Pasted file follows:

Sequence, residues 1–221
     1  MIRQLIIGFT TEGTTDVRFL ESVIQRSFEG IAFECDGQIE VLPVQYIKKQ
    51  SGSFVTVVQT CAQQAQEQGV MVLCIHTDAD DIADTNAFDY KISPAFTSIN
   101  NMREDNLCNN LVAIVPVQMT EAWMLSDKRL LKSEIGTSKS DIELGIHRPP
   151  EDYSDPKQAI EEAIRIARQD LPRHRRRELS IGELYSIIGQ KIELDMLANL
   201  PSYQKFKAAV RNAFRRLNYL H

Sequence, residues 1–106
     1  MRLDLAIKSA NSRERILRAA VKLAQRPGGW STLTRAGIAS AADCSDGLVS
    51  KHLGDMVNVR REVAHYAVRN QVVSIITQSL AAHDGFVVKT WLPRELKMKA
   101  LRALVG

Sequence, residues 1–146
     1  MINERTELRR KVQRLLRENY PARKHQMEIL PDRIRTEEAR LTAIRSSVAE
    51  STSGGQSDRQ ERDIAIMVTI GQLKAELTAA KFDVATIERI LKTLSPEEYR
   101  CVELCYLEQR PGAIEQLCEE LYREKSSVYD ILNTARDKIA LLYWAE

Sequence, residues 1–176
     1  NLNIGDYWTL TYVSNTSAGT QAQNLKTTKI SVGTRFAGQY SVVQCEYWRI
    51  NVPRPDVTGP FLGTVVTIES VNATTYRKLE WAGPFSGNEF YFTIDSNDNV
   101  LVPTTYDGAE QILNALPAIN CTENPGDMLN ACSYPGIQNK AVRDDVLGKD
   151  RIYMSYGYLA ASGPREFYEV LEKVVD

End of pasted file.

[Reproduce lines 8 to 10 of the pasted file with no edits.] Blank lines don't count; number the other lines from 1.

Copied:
     1  MRLDLAIKSA NSRERILRAA VKLAQRPGGW STLTRAGIAS AADCSDGLVS
    51  KHLGDMVNVR REVAHYAVRN QVVSIITQSL AAHDGFVVKT WLPRELKMKA
   101  LRALVG